So if you can’t control consumer demand, then the only other way is to control supply. It’s kinda like the drug war problem. It’s too expensive and too difficult to get consumers to see the light. So maybe these brokerages can get other brokers and agents to see the light, and ultimately, decrease the flow of
drugs listings and advertising dollars at the source.
The issue is a classic Prisoner’s Dilemma, or ensuring compliance by others. It’s the exact same logic that unions face with respect to workers who cross the picket line. The minute one brokerage breaks and crosses the picket line (so to speak), everyone else is disadvantaged.
And… as you might imagine, any sort of scheme that seeks to punish or discourage such “line crossing” falls smack in the middle of the anti-trust laws, no matter what the capital structure of BPP.
I’m sorry, but I simply can’t see any of this working if the motivations involved revolve around “if only they could see the light!” type of a thing. I have a better approach.
The Capitalist Pig Approach to Solving Problems
Fundamentally, I think in any business venture, the most important motivation has always been, is today, always will be, and furthermore must be, the profit motive.
As Gordon Gekko says, “Greed is good.”
As Adam Smith observed:
The rich…are led by an invisible hand to make nearly the same distribution of the necessaries of life, which would have been made, had the earth been divided into equal portions among all its inhabitants, and thus without intending it, without knowing it, advance the interest of the society…
All of the finest real estate agents I know, who truly provide an amazing customer experience, who go the extra mile to provide service, build relationships, and help families with their American Dream do it for money. And they are phenomenally successful, making millions of dollars for themselves, their families, their team members, and their brokerage. That they are motivated by greed, by financial gain, does not neutralize the fact that they are providing a social good and leaving behind happy, delighted customers.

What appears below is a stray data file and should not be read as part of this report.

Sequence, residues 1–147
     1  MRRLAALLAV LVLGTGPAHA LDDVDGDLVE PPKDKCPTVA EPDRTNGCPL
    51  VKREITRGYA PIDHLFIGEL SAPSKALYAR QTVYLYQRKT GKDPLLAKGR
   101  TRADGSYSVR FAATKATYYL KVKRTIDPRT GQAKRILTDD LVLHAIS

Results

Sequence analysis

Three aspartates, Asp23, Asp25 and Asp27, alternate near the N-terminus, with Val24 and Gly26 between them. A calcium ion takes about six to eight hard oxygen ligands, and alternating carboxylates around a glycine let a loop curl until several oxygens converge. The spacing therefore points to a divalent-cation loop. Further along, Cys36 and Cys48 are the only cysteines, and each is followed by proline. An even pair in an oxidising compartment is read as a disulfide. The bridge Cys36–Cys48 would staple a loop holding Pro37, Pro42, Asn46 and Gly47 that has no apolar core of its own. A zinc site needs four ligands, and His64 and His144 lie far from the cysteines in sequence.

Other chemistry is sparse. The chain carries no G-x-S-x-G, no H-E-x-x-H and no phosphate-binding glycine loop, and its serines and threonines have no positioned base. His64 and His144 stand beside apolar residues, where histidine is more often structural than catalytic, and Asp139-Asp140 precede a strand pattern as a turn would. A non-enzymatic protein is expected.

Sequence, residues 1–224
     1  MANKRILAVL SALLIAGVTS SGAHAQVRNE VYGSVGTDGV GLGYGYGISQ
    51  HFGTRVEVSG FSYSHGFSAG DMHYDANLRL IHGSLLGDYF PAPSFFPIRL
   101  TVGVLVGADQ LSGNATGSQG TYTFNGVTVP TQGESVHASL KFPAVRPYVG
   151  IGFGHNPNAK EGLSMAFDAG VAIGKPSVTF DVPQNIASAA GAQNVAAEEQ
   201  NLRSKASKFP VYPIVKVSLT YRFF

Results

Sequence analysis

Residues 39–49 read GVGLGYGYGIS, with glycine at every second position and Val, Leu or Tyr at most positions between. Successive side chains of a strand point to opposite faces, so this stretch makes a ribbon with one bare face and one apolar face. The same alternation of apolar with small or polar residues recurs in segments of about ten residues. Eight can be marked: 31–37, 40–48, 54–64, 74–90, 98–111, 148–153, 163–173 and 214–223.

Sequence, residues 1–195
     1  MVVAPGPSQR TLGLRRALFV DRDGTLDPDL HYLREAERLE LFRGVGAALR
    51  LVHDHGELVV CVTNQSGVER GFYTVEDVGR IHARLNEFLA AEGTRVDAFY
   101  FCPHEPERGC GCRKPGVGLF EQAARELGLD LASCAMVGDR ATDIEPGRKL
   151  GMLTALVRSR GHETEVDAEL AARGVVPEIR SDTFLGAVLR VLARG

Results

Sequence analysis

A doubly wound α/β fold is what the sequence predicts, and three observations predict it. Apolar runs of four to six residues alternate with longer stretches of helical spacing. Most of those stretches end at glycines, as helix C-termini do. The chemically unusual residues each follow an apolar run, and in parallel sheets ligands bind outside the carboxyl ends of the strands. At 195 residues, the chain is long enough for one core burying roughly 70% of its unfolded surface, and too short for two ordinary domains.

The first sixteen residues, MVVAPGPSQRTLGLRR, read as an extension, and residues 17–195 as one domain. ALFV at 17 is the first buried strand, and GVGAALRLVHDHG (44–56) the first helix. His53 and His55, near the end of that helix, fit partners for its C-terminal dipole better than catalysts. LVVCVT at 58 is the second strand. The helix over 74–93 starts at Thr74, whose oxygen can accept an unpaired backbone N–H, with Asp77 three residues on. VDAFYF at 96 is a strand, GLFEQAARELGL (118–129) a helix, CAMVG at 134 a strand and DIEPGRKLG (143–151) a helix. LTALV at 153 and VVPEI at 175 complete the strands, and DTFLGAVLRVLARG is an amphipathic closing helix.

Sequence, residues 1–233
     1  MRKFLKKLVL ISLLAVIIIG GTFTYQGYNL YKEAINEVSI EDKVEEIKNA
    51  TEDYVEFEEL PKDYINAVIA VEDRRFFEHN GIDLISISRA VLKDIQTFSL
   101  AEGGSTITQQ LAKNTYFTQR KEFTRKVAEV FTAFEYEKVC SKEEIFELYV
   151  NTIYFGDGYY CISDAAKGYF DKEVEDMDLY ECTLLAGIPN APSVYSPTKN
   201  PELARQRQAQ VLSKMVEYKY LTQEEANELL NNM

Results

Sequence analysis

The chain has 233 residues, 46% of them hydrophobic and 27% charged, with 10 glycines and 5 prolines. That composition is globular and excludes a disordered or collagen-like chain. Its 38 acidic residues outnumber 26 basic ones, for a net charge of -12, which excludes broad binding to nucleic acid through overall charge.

The same applies everywhere and anywhere. Advanced medicine, energy, the Internet, the lightbulb, this computer I’m writing this on, the food I ate this morning — every wonderful necessity and comfort of life were developed, improved, and distributed by greedy people seeking financial gain. Greed works. Greed is good.
(Of course, greed is never the only motivation for the best of us. But let’s face it: ain’t none of us running a charity in real estate, doing transactions for free.)
Applying Greed Is Good to BPP
From that perspective, if it were up to me, I would change the BPP model fundamentally. I think it’s the only way such a project can be made to work.
Ownership must be financially meaningful.
The initial startup funding mentioned is $15 million. Those companies that invest the money should see a return on their investment, commensurate with the level of risk they’ve taken. This is basic investment 101. If Realogy puts in $5 million, and Joe’s BBQ & Real Estate Brokerage puts in $500, Realogy should have 10,000 times the number of shares that Joe has.
Furthermore, the earlier rounds get more upside, because they’re taking the bigger risk.
The argument against this is that due to internal politics of the industry, if big money brokerages own most of the equity, the smaller brokerages won’t participate. Same with MLSs; if the large MLSs own far more equity (and therefore have more “control”), then the smaller MLSs won’t participate.
I think this is simply untrue, as far as brokerages go.
First, if the logic of the brokerage motivations above — that the financial gain of BPP comes from having an alternative to Zillow, thereby keeping prices of online advertising lower — then brokerages will participate without regard to equity. Either the value of BPP is there, or it is not. Either the small brokerage will see his Zillow invoice go down by 50%, or it will not. If the former, it’s down with BPP. If the latter, then equity doesn’t matter one little bit.
Second, we already have instances in the industry where smaller brokerages participate in MLSs that are owned by large brokerages, who reap most of the financial rewards (as they took the financial risks). Northwest MLS is broker-owned, principally by three large brokerages. FMLS in Atlanta is broker-owned, principally by several large brokerages. Neither have seen defections by smaller brokerages. As long as the entity delivers what it promises to, “equity” doesn’t much matter.
But for those companies that really put their money where their mouth is on BPP, they need to be incentivized to stick with it and keep it going.
Aside: What Does Success Mean?
Before we go much further, one thing to clarify here is what “success” for BPP means. Let’s assume from the motivations above that the principal goal is not “make a ton of money” but “become a lower-cost alternative to portals”.